Posted by Megan on Tuesday 20th Mar 2007 (08:46 UTC
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The telescope that never was
After completing the Mark I telescope, now known as the Lovell telescope, plans were made for several others. Some of them were built and have lasted - the Mark II was built in the 1960s and is still in operation at the Observatory today. Some were built but have been decommissioned - the Mark III was located at Wardle but was dismantled in the early 1990s. Others never got off the drawing board.
One such telescope was the Mark V, a proposed radio telescope which would have been 400-ft in diameter (for comparison, the Lovell is a mere 250-feet accross). This telescope was to be situated in a valley at Meifod in Wales but in the end it was never constructed. The firm of Husband and Co., the consulting engineers who worked closely with Lovell to design and construct the other large telescopes, did build a scale model of the Mark V which in itself is an impressive piece of work. For some time the model has been sat in storage, but a group of us went to collect it a couple of weeks ago.
Left: The base of the scale model of the Mark V telescope. Right: the top of the Mark V model. CREDIT:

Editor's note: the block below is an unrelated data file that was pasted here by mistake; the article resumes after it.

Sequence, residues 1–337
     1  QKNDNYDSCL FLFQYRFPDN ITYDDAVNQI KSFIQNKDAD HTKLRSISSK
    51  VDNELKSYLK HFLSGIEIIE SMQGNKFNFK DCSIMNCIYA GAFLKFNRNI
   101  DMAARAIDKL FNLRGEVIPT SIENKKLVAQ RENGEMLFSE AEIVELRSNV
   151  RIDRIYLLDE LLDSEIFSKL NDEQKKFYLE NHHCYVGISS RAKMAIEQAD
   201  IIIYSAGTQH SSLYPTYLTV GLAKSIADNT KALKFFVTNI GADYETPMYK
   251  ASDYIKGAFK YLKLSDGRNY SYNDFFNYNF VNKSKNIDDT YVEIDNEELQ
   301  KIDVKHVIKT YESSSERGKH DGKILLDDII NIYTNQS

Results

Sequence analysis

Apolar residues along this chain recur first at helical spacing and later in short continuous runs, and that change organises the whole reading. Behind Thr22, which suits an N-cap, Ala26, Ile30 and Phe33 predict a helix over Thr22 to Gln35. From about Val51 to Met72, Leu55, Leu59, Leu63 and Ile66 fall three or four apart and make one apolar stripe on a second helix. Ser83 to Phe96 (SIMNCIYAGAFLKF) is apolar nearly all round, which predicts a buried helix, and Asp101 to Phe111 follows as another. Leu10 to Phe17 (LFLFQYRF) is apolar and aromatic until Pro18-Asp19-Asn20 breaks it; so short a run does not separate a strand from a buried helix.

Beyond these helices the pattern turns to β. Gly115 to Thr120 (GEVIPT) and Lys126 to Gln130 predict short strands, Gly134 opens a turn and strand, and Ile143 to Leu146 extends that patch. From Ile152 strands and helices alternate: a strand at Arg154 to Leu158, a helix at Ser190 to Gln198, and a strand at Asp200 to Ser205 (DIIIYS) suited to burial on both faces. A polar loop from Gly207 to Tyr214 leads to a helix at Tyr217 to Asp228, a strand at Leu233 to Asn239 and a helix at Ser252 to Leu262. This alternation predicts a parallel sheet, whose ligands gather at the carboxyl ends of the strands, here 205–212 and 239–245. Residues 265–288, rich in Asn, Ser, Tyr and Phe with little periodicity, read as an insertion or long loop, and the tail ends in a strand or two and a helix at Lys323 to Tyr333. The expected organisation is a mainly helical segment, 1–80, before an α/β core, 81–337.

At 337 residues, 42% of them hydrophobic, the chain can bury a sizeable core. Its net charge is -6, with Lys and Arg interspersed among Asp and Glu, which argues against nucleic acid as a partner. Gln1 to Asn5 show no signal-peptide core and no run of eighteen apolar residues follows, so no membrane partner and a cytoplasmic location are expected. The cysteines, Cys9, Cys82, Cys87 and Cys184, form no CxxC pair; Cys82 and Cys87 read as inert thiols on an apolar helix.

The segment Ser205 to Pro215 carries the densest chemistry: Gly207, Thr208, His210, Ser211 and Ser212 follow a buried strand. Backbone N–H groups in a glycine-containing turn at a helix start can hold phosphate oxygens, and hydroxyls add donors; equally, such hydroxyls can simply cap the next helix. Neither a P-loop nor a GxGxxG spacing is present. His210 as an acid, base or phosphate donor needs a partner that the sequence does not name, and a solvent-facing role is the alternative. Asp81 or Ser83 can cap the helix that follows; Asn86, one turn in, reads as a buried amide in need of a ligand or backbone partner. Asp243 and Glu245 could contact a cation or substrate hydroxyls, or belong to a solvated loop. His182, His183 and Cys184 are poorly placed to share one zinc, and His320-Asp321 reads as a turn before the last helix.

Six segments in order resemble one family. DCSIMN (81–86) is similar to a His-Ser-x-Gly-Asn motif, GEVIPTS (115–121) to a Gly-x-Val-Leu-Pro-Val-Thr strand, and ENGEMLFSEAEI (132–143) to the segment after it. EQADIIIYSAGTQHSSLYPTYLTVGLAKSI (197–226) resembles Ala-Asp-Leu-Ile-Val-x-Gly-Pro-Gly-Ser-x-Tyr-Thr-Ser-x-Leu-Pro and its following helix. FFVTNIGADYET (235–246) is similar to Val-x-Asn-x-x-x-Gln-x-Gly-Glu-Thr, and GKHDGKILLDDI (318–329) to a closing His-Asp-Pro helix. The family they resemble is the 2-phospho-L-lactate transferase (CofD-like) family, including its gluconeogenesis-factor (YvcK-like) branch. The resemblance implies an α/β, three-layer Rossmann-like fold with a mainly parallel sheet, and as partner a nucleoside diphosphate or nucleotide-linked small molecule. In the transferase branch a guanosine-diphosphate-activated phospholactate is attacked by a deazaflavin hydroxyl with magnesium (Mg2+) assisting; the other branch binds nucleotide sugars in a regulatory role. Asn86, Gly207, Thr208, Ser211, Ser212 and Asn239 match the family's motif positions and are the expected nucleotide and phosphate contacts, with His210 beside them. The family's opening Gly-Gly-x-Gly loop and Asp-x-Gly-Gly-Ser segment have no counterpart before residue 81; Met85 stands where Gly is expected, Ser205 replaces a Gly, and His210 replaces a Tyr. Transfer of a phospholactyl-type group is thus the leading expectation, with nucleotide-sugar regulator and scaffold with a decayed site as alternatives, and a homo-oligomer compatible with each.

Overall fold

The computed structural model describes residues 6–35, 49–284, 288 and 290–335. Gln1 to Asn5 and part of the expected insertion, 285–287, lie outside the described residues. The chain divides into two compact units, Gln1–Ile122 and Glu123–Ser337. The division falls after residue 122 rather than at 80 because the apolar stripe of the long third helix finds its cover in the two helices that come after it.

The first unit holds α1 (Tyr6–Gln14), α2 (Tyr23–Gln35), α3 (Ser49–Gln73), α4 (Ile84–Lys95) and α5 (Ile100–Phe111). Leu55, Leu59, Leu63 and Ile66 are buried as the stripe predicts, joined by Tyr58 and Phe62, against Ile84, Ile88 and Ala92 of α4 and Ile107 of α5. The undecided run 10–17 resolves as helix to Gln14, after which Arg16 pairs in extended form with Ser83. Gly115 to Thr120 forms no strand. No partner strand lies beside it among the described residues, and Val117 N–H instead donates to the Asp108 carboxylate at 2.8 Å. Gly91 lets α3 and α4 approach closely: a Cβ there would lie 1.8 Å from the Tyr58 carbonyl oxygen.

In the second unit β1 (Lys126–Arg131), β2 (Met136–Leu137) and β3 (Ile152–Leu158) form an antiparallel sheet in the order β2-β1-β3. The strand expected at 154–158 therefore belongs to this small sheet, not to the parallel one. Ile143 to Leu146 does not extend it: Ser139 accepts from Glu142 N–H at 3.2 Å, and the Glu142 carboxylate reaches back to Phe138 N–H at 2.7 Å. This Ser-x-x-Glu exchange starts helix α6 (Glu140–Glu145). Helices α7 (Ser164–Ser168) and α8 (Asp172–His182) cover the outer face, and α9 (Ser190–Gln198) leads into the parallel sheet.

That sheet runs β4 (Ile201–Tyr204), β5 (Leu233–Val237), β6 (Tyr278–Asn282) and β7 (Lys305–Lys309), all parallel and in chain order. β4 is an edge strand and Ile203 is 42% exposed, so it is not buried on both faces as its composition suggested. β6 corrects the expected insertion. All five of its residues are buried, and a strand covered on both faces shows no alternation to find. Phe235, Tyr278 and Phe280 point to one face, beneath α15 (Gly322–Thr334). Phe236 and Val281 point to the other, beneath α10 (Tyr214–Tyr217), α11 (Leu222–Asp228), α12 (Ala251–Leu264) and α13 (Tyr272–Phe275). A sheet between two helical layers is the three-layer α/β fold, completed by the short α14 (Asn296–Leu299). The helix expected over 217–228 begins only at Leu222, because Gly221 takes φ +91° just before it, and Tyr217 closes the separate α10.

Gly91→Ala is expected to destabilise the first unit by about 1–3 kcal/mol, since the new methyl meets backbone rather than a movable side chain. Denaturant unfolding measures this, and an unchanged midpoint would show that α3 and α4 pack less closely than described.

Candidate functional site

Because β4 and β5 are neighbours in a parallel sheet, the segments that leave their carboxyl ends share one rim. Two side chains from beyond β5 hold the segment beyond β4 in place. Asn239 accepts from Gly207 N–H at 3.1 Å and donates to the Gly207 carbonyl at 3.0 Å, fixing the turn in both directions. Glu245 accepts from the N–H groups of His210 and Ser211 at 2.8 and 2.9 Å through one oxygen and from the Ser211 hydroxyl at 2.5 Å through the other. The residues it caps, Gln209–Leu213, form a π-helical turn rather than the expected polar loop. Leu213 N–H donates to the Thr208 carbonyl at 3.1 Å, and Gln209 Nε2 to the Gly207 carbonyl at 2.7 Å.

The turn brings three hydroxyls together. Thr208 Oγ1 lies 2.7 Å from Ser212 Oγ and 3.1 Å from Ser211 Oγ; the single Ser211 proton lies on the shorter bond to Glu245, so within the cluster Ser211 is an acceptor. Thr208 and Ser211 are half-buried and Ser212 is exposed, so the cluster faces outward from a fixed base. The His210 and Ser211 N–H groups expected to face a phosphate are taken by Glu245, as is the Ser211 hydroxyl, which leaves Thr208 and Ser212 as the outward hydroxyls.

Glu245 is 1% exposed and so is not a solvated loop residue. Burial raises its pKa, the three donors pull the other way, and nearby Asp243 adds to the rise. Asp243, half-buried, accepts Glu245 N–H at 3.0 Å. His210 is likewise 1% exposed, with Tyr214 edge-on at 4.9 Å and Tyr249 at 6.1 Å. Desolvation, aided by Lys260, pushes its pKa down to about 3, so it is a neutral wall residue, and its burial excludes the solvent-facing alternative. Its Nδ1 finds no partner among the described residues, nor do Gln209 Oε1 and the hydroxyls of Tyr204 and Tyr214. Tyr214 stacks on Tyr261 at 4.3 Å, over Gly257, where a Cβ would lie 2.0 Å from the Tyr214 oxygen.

It's in a bit of a sorry state, covered in dust and pine needles (no idea where they came from!) and a lot of the brass "girders" have come loose over the years. Over a weekend I started to clean it up, collecting as many loose bits as I could find and cleaning them up so they could be soldered back on. It really is an impressive piece of work, very detailed and must have taken an age to complete. After so many years of neglect a lot of the joints are now very fragile and the whole base structure looks in danger of collapse. The quadrupod which would have held the receivers has collapsed already and needs some patience to stick back together. The bowl itself is not in bad condition, apart from being absolutely filthy! When I opened the wooden box under the base I had quite a suprise - the model was driven! There was a complete drive system in there, complete with a simple lever system which would have allowed you to control the direction of motion.